Having risen well before dawn this morning, I have some very early morning photographs to show you (outfit accessorized with large bags under the eyes), and am keen to return to considering light and frivolous matters such as personal adornment and hobby sewing, particularly as I have most of the day left for these matters.
During the week, when I showed an enormous pile of mending to my mojo,it whimpered and tried to hide under the bed, so I
I used my workhorse pattern BurdaStyle 02-2011-107 (adjusted) despite its front darts and 4 back seams. Although lace is better used in a pattern with little shaping and seaming, my figure does not agree with this sort of pattern.
To deal with the instability of the lace, and to conceal the seams , I decided to treat the lace and the sand washed silk charmeuse as a single layer in construction. I lay out each fabric on cutting mats, and cut out with a rotary cutter, giving generous seam allowances to allow for bulky seams and fitting( 2.5cm) and a 3.75 centre back seam allowance to allow for an off set lapped zip and a back kickpleat.
I hand basted the centre back stitching line and the darts. I overlocked the edges of each piece, then machine basted the garment for fitting.
I used the off set lapped zip instructions from Kenneth King's book, Cool Couture, which although straightforward and giving a nice result, unfortunately assume there is a waistband at the top. Having no waistband, and some issues with my previous waist finishing explorations with this skirt, I looked up skirts in Claire Sheffer's book Couture Sewing Techniques book. She describes 3 common waistband finishes. The one that appealed most to me for this skirt was what she describes as a faced waistline, "favoured by Chanel".
I did not find the instructions entirely clear, more a general description assuming quite a bit of knowledge. The first step, fitting the skirt closely to the waist is fine. I did not see though, how I could apply a stay tape to the waistline of the skirt, as instructed, without the stitching showing through the outside - unlike the other steps, no stitch advice was given for this step.
Instead, I applied the stay tape (selvage from quilting cotton) to the "raw" top overlocked waist edge,by machine, which is probably incorrect, but worked for me. I interfaced the waistline as instructed, guessing a width of about 2.5cm would be appropriate, as there are no guidelines in the book. I used Pro Weft Supreme interfacing from Fashion Sewing supplies, as this is an excellent firm interfacing, with sufficient texture for the next step, catchstitching the seam allowance to the interfacing, to be carried out without needing to take the stitch through to the outer fabric.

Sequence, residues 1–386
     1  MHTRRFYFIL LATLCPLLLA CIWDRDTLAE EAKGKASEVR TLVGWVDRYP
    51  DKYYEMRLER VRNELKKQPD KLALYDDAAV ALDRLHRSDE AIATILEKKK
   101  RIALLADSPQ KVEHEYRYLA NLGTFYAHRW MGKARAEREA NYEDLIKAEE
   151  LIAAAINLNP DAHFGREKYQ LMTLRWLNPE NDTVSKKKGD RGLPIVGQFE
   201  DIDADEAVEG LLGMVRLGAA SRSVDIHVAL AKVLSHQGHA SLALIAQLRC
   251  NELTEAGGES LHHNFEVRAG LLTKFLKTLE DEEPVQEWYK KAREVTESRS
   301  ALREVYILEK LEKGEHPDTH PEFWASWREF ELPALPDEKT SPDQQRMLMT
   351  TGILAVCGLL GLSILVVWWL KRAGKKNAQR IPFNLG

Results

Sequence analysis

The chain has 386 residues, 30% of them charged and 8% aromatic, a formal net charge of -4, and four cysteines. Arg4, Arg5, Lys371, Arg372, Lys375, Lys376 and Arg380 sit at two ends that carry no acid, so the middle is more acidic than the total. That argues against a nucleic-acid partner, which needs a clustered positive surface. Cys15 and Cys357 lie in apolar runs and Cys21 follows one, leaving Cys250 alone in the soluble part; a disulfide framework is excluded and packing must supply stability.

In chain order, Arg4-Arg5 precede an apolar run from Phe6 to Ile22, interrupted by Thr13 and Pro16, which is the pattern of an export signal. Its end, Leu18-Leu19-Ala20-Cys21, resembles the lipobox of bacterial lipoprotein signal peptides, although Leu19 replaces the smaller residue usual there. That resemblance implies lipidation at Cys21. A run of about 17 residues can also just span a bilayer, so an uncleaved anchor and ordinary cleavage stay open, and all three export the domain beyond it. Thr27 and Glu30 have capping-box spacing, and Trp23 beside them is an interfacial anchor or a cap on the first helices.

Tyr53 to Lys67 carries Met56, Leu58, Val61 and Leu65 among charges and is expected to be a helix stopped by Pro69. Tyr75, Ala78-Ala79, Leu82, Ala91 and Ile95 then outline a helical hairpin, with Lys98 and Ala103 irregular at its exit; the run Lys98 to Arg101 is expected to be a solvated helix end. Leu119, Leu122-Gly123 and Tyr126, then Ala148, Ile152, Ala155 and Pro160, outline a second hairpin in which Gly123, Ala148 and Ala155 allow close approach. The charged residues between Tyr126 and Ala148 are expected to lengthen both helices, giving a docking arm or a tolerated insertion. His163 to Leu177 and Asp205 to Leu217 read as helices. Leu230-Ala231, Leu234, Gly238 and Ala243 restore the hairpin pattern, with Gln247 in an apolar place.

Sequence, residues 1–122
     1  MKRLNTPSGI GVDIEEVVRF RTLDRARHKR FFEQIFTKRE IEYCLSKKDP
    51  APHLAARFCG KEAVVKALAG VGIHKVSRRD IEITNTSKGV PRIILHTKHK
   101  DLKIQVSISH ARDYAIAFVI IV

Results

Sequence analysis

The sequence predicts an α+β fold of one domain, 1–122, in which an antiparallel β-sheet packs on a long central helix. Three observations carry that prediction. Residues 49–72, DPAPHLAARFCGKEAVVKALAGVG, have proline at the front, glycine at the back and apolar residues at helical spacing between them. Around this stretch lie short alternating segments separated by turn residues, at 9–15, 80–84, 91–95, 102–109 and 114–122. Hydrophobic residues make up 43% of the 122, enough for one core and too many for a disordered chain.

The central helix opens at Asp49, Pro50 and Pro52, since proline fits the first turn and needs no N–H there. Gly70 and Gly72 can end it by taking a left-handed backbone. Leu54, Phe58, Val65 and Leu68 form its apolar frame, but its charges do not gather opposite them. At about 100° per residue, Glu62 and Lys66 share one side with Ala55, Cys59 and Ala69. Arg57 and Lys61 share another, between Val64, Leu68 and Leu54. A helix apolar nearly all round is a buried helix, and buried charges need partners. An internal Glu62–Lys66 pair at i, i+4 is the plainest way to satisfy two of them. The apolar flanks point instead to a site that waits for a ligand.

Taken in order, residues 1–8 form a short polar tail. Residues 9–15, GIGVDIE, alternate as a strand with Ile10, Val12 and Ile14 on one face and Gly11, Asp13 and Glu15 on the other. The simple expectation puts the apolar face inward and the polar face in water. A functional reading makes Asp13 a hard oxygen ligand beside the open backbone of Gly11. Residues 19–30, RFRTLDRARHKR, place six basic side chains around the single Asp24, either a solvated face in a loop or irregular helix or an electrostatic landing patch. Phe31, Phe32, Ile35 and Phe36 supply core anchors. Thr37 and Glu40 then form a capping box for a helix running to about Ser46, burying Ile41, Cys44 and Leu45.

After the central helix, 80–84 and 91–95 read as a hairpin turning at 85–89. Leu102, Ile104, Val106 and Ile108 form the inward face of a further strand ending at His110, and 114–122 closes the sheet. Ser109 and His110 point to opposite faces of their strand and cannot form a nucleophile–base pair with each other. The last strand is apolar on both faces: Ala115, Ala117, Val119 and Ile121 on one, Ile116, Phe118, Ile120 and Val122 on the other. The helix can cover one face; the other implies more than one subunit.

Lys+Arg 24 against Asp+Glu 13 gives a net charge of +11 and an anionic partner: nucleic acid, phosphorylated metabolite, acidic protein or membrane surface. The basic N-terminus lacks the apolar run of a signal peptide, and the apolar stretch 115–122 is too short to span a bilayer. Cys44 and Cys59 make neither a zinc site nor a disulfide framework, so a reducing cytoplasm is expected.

Following these steps, (during which I folded the seam allowance over the zip tape and hand sewed in place) a grosgrain ribbon, steamed or clipped to shape, is applied over the top of the interfacing and seam allowance, and fell stitched ( a new stitch to me) in place at the top only.
I also attached the bottom of the grosgrain (I used 7/8 inch grosgrain,no indications re width
are given in the book)
There are no instructions for finishing the grosgrain ribbon band, but a sketch showing buttonloops. I used hooks and eyes set up like a bra back fastening, as I was happy that I would be able to fasten this in the small of my back by feel, rather than having to request assistance in dressing.
I had also applied a thread loop and button externally at the top of the zip, as I like the zip placket to sit flat in all circumstances, but due to the excellent firmness given to the waistband by this multi-layer finish, I do not think it is really necessary. I particularly like this waist finish, and will be using it again. The grosgrain seems to lightly grip the tucked in top garment in addition to keeping the waist firm.
After all this success with the waist, I had still not decided how to hem this piece. Lace finishing techniques all seem to assume that cut lace does not ravel, which is not the case for this fabric (maybe it is home dec lace?, and I did not want an overlocked edge at the hem, as this looked cheap and sloppy in my sample.
My eventual solution was to separate the lace and silk underlay for about 5cm at the bottom of the skirt, and to bind the hem with a straight grain strip of the underlay silk charmeuse. I tried bias, but it rippled. I machine stitched the right sides of the garment and charmeuse together at the hem line, then turned under the charmeuse and hand stitched the folded edge of the charmeuse to the stitching line. The lace had stretched a little during the machine stitching of the hem and I took small pleats in the charmeuse binding at each seamline to preserve the slight pegging of the design. I was not entirely successful in preserving the pegging, but have ended up with a straight skirt that is not unpleasing.
I hand stitched the vertical skirt seams of the lace and silk skirts and made a hand rolled hem of the inner silk skirt.
I am pretty sure that this skirt will work well in my wardrobe.
Edited to fix the spacing, thanks to Mary Nanna for the instructions!